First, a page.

Similar issues arise when a trust is created which has nonresident beneficiaries.  Unlike most decedents’ estates, which are temporary in nature, trusts often last many years, during which time the trust must continue to comply with the laws of the United States and the laws of the applicable foreign country or countries.  

In order to determine the tax status of a foreign beneficiary, the executor, administrator or trustee (collectively as referred to as Fiduciary) should provide to each foreign beneficiary a Form W-8BEN, to be filled in by the beneficiary and returned to the Fiduciary.  That form requires the name of the individual beneficiary, his/her country of citizenship, personal residence address and mailing address, and foreign tax identification number, if any. If a foreign beneficiary also has a US Tax Identification Number (e.g. SSN), it must be included also.

Generally, a Fiduciary can rely on the information provided by the foreign beneficiary on that form for up to three years, but a new Form W-8BEN must be obtained from each foreign beneficiary every three years, updating his/her information, if he or she remains an income beneficiary. 

The withholding rate for income distributions to foreign beneficiaries is usually 30%, which a Fiduciary is required to withhold from income distributions. The Fiduciary has a legal responsibility to pay those withheld income taxes to the United States Treasury each year.  In many instances the foreign beneficiary receives a deduction or credit on his or her income tax return in his or her home country for US taxes paid, which softens the impact of the high US withholding tax rate but that does not simplify the filing requirements for the Fiduciary.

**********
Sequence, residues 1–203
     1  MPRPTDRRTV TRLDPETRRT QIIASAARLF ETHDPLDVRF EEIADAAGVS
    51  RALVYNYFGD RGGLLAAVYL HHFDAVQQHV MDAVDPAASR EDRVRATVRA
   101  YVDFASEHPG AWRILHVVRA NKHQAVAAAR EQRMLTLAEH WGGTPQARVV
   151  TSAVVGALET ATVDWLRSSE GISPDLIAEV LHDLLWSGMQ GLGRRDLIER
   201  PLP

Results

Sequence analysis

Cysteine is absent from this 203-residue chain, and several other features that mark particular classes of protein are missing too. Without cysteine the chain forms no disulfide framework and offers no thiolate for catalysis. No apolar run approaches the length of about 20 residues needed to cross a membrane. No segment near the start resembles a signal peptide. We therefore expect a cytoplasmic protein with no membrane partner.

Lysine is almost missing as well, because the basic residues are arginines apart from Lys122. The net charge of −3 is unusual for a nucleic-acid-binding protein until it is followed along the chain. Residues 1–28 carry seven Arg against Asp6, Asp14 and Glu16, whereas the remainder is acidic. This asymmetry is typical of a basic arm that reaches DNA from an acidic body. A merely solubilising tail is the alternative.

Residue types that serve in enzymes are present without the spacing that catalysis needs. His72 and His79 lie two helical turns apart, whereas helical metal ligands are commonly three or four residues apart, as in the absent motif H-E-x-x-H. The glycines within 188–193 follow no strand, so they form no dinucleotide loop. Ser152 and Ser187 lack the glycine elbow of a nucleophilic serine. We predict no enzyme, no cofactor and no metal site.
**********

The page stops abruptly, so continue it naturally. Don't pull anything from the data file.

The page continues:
Withholding tax is required for a foreign beneficiary, for income which is distributed to the beneficiary – as a general rule there is no withholding tax on distributions of principal, such as a monetary bequest which does not include income earned on the monetary amount. 

The withholding rates for some countries are sometimes less than 30%, due to tax treaties between the United States government and the foreign country.  The rules for tax credits also vary from country to country.  

Another complication for a US estate or trust is the requirement that the estate or trust must file Forms 1042, 1042-T and 1042-S in a timely manner for each applicable tax year.  Form 1042 concerns how much income will be withheld for income tax withholding purposes for US-source income, for tax withholding purposes. Form 1042-S is concerned with payments of US source income made to foreign persons, and a separate Form 1042-S is required for each beneficiary.  Form 1042-T is the Annual Summary and Transmittal of Forms 1042-S for the estate or trust. 

Nonresident aliens who have US income from an estate or trust are required to file a Form 1040NR or a Form 1040NR-EZ in the United States, as well as any necessary tax filings in the beneficiary’s home country. 

In summary, it is important for someone administering an estate or trust to know of these requirements when there are foreign beneficiaries of the estate or trust.  They should also be aware of foreign beneficiaries of retirement accounts or life insurance policies, or persons who will receive assets as a surviving co-owner of assets, even if those assets do not go through probate.  Often even an experienced estate planning or administration professional should seek advice and assistance from other professionals who deal regularly with nonresident beneficiaries.